Washington, DC – (TFC) In the height of the Civil Rights Movement, Martin Luther King Jr. would not have been blamed for taking up arms to wage war against white America. His fellow African Americans were denied basic civil rights, and treated like second class citizens, but even after the worst crimes against African Americans had been committed, he refused to hate. That resolve is not matched in present day America where Muslims are being attacked by bigoted Americans who see every Muslim as a terrorist.
The date was September 18, 1963, the setting was Birmingham, Alabama. Dr. Martin Luther King Jr. returned to the city to eulogize three of the four little black girls who were murdered three days before in the infamous 16th Street Baptist Church Bombing. MLK, like African Americans all over the country, was heartbroken over four children being murdered before they had experienced any sort of life. When he spoke at the funeral of Addie Mae Collins, Carol Denise McNair, and Cynthia Diane Wesley he spoke of unity and forgiveness when he said,
“And so I stand here to say this afternoon to all assembled here, that in spite of the darkness of this hour, we must not despair. We must not become bitter, nor must we harbor the desire to retaliate with violence. No, we must not lose faith in our white brothers. Somehow we must believe that the most misguided among them can learn to respect the dignity and the worth of all human personality.”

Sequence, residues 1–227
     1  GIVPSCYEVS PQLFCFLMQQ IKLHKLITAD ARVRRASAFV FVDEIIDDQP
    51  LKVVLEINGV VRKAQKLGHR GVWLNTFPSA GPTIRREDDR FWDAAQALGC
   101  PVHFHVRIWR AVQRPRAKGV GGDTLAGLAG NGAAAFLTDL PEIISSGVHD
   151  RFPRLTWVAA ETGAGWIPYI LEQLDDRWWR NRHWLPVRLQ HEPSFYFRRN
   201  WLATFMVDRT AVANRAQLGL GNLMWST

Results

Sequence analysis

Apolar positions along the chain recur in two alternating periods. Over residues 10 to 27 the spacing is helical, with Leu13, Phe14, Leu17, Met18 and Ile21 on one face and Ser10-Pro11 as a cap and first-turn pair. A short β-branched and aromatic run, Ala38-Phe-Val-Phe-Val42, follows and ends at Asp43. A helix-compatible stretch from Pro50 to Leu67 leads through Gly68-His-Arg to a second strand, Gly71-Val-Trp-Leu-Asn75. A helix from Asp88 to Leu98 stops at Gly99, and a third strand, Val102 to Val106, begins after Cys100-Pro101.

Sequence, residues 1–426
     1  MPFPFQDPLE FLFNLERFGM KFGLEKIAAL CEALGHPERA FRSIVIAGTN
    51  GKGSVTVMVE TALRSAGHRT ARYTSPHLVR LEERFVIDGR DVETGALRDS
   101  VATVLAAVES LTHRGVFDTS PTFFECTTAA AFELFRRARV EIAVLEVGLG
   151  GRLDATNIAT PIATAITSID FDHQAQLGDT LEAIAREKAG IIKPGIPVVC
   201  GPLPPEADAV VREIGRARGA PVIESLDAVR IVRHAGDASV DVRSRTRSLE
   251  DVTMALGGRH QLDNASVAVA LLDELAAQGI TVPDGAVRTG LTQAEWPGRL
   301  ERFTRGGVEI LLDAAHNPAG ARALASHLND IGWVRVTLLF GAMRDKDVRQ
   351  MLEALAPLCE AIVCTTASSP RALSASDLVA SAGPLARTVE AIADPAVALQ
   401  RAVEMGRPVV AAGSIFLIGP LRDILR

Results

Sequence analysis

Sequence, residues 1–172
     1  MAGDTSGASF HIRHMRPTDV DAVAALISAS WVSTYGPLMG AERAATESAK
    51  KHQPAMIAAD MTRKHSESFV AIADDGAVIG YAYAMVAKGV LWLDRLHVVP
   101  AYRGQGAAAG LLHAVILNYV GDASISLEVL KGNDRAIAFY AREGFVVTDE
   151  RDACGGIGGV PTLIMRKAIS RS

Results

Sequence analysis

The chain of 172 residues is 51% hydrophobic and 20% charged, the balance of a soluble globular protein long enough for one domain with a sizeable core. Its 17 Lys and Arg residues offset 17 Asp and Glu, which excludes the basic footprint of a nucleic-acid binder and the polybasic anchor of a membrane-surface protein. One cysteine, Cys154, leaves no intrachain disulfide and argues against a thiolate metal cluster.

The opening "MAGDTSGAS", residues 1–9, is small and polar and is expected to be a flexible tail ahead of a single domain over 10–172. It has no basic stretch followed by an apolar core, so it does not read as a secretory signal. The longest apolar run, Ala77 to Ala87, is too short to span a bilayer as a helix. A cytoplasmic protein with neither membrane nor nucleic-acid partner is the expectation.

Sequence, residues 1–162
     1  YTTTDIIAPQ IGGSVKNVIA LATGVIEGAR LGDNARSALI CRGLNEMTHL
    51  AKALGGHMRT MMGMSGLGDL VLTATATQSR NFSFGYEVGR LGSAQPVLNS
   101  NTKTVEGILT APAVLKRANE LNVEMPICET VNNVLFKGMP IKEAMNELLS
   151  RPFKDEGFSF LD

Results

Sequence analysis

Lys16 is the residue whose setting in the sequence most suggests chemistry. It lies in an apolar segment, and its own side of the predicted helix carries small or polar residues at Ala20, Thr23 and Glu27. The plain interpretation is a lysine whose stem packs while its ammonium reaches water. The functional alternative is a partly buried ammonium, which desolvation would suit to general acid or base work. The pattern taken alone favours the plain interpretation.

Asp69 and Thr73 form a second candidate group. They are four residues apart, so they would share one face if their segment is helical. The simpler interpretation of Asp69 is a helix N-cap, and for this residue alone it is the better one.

Three days after four young children were viciously murdered in an act of savage bigotry, America’s most loved civil rights leader did not demand revenge. He chose not to encourage every African American in the country to wipe out every white person that they saw on the streets. Even after years of white racists rounding up black men to them hang on trees at the encouragement of the deranged crowds, who thought lynching was the best thing to view on a Saturday; King did not feel the need to eradicate white people from the earth. Despite being doused by fire hoses and beaten by cops; King did not use the church bombing to harden his heart and view white Americans as his enemy. He never wavered from his commitment to love every one of God’s children.